the blasphemous. As long as God made the horse, and a man down
Birmingham way the engine, my good old dad would have stuck by the
saddle and the spurs.

But he would have been still more surprised had he seen the peace and
kindliness which reigns now in the hearts of men, and the talk in the
papers and at the meetings that there is to be no more war - save, of
course, with blacks and such like. For when he died we had been
fighting with scarce a break, save only during two short years, for very
nearly a quarter of a century. Think of it, you who live so quietly and
peacefully now! Babies who were born in the war grew to be bearded men
with babies of their own, and still the war continued. Those who had
served and fought in their stalwart prime grew stiff and bent, and yet
the ships and the armies were struggling. It was no wonder that folk
came at last to look upon it as the natural state, and thought how queer
it must seem to be at peace. During that long time we fought the Dutch,
we fought the Danes, we fought the Spanish, we fought the Turks, we
fought the Americans, we fought the Monte-Videans, until it seemed that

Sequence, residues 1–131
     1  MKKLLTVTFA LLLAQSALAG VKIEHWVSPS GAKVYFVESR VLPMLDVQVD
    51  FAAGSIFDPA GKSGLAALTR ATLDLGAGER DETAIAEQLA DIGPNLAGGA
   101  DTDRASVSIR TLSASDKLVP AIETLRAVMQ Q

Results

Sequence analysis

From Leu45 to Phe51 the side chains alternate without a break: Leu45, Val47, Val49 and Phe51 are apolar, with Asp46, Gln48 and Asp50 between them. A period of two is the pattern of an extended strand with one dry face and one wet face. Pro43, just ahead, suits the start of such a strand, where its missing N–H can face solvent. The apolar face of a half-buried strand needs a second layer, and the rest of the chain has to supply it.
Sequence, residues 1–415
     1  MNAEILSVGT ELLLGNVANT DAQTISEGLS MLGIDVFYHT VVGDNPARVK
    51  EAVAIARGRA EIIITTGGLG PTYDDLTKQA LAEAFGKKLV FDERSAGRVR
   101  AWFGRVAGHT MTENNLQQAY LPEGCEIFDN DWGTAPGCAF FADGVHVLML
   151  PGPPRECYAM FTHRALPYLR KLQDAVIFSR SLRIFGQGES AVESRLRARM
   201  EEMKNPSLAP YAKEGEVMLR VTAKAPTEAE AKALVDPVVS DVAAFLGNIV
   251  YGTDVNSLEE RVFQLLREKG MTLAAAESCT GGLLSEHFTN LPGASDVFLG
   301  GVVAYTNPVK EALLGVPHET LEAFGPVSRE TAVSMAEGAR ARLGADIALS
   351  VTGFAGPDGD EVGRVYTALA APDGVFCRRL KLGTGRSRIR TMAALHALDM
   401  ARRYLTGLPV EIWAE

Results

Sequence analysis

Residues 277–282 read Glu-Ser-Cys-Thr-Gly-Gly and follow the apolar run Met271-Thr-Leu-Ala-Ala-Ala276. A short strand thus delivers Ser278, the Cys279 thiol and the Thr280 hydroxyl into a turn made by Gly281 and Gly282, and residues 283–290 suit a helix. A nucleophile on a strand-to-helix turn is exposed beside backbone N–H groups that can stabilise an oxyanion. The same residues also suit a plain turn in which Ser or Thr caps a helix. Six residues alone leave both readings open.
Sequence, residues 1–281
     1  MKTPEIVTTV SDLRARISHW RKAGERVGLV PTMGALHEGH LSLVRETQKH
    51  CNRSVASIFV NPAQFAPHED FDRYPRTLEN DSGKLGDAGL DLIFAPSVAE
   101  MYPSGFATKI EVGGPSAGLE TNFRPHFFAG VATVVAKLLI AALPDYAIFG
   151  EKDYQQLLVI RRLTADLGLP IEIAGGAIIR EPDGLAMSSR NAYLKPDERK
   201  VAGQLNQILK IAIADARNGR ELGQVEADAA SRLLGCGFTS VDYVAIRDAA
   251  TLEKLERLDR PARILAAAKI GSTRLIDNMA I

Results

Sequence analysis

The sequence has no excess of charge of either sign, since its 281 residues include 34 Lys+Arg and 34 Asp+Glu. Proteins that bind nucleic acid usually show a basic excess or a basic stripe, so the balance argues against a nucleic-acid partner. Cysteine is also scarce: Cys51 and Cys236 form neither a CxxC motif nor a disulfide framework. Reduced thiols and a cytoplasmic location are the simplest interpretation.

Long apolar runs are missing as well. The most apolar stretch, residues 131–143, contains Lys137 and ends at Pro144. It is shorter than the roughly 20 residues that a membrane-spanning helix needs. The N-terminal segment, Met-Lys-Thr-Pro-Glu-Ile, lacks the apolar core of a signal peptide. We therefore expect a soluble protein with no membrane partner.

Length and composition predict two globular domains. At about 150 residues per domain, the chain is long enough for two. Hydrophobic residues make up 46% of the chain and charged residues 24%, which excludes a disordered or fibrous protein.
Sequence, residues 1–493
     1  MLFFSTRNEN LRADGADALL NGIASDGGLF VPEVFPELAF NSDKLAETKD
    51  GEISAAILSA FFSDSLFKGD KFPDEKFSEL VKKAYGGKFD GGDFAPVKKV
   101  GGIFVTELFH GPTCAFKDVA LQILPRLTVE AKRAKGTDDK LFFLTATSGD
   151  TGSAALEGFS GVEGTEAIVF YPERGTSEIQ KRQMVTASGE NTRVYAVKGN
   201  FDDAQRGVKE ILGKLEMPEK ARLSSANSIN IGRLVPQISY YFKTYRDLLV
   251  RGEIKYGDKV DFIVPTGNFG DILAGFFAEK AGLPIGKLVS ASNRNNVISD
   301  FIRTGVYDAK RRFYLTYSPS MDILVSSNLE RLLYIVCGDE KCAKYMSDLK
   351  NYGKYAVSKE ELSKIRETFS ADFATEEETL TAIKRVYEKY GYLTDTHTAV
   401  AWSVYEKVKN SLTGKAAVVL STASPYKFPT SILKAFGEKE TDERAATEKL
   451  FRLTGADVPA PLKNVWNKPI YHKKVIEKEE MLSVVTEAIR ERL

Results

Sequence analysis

in this universal struggle no race was too near of kin, or too far away,
to be drawn into the quarrel. But most of all it was the French whom we
fought, and the man whom of all others we loathed and feared and admired
was the great Captain who ruled them.

It was very well to draw pictures of him, and sing songs about him, and
make as though he were an impostor; but I can tell you that the fear of
that man hung like a black shadow over all Europe, and that there was a
time when the glint of a fire at night upon the coast would set every
woman upon her knees and every man gripping for his musket. He had
always won: that was the terror of it. The Fates seemed to be behind
him. And now we knew that he lay upon the northern coast with a hundred
and fifty thousand veterans, and the boats for their passage. But it is
an old story, how a third of the grown folk of our country took up arms,
and how our little one-eyed, one-armed man crushed their fleet.